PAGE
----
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Wednesday, 4 July 1906
Page: 1029

Mr JOHNSON (Lang) . - I move -

That after the word " intent " the following words be inserted : - " To prevent the producers or vendors of goods from freely offering their wares for sale ; or

(c)   To prevent the consumer or purchaser from obtaining his goods upon the most favorable terms afforded by free competition in the open market."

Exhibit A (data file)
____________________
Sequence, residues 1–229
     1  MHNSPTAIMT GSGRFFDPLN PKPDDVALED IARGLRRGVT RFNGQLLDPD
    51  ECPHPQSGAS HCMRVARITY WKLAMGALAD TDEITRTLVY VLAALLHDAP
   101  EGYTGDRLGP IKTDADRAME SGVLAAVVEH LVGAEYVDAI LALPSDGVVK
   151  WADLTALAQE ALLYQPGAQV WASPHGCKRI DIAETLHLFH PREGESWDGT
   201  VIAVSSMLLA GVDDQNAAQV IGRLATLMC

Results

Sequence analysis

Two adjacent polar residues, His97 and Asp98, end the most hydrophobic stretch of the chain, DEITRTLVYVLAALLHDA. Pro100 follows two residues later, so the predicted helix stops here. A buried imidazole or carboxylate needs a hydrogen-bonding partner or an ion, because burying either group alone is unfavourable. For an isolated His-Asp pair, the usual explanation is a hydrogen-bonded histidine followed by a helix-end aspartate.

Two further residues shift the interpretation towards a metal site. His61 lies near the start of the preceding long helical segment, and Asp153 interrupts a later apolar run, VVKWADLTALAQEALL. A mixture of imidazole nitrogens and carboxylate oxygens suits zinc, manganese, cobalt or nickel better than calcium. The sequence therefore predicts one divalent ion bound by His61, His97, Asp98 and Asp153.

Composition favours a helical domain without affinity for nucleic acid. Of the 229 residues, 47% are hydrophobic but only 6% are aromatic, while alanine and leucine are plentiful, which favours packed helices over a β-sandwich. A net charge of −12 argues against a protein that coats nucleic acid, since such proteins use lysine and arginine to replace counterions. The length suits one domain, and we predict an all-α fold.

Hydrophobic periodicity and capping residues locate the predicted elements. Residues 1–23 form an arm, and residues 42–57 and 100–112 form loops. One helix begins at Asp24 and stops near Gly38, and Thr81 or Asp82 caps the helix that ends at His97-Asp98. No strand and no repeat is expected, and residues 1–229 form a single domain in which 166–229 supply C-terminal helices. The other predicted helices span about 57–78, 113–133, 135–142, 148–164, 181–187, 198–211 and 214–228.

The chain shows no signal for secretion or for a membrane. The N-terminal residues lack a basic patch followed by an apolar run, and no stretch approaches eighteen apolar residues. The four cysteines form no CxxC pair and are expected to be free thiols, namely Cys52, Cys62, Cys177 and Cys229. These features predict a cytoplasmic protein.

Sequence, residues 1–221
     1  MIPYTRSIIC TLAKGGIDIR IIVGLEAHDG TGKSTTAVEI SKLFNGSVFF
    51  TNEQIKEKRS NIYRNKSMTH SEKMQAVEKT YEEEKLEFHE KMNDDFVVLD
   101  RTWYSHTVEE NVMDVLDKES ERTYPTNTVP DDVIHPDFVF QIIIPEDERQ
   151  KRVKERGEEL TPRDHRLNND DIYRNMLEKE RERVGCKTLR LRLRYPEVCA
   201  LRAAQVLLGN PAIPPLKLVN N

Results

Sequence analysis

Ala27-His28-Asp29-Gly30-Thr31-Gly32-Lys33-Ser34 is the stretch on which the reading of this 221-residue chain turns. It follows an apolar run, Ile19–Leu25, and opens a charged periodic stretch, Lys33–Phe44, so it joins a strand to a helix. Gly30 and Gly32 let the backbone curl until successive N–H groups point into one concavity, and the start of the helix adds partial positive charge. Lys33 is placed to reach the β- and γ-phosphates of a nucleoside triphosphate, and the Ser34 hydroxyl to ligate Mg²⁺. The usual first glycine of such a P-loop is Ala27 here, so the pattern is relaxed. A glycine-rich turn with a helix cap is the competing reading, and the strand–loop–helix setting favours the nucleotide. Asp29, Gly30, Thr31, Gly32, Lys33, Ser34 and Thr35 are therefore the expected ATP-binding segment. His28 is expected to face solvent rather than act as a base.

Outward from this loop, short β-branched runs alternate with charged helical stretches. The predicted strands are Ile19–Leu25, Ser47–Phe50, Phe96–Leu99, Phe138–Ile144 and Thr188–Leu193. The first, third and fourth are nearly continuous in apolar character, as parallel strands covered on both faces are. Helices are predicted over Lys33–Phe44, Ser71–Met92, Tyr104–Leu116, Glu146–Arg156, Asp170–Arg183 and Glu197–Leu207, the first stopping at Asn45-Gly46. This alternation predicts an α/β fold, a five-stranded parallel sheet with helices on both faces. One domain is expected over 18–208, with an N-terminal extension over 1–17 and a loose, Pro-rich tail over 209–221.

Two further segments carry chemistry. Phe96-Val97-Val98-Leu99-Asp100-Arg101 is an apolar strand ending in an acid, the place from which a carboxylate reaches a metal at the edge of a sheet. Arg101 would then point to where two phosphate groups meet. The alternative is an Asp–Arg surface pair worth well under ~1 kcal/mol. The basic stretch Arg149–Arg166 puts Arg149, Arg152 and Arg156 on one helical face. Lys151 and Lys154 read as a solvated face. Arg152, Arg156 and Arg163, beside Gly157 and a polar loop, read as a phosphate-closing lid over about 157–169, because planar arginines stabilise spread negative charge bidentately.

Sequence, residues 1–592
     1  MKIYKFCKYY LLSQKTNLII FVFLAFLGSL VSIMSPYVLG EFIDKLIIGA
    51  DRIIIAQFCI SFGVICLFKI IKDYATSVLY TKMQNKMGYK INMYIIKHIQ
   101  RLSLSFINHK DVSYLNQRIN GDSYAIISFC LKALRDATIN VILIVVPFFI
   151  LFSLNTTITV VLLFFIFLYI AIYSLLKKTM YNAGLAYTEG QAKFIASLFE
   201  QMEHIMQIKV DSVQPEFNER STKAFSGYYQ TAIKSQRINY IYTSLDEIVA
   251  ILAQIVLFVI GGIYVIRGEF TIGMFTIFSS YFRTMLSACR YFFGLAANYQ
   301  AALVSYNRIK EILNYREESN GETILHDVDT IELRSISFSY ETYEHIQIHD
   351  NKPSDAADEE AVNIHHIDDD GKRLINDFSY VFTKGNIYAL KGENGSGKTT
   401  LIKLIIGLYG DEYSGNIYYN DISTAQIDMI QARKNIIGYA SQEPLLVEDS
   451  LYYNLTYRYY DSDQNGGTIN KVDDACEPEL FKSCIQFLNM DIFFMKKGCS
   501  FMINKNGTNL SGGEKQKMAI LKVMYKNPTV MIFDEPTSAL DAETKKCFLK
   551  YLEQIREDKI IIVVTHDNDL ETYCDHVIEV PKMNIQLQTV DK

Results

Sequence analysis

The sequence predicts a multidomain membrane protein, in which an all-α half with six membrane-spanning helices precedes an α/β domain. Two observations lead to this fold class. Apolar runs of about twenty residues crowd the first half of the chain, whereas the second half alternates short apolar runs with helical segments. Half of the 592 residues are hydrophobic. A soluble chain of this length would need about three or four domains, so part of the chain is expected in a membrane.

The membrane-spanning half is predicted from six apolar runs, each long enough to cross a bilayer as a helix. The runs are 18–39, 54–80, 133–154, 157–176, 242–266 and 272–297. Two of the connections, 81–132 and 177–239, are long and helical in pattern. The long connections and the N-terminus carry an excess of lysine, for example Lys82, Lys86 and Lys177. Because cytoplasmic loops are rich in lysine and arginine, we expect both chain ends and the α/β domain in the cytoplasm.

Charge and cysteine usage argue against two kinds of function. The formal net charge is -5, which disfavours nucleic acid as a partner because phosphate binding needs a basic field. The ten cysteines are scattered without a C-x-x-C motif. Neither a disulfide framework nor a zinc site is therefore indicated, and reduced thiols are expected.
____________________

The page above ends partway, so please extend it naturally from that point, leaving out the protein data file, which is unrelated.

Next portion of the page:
As I pointed out earlier in the day, the first part of the clause aims at the repression of monopolies, and so justifies the title of Part II. of the Bill; but the effect of the second part, if not amended, will be to promote monopolies, and belie the object of this part of the measure. I take it that we wish to prevent anything in the nature of monopolies which may hamper, discourage, or destroy trade. I hold that any combination whose object is to interfere with the right ofprimary producers, manufacturers, carriers, or sellers of goods, to carry on their operations freely, in accordance with the law as it stands, should be suppressed, and that, in like manner, any combination intended to prevent consumers or producers from having the utmost freedom of choice in the selection of their markets, and from buying or selling on the most favorable terms they can get, should be discouraged. We should not encourage the cornering of markets, or the preventing of makers or sellers of goods from placing their wares on the market to the best advantage, and at whatever prices they choose to ask. Neither should we interfere with the right of the public to purchase upon the best and most favorable terms that it can get. I wish to allow people of small means to obtain' their goods as cheaply as possible, and to permit producers to supply their wants at prices which suit both parties. If a man invests money in the purchase of bankrupt stock, and buys it below its ordinary market value, he can, without selling at a loss, sell it again at prices below those ordinarily charged by retailers, and, in doing so, will, of course, compete with the retailers who have not bought under such favorable conditions. Similarly, at the end of a season, reductions upon the ordinary selling prices are the custom in trade. The public, however, is a gainer by such reductions, and we have no right to deprive persons of small means of these opportunities to supply their requirements at exceptionally favorable prices. Everything that operates to interfere with the freedom of makers, sellers, or buyers of goods to transact business for their mutual benefit is, I hold, an undue and unnecessary restraint of trade, and an arbitrary usurpation of the powers of legislation.

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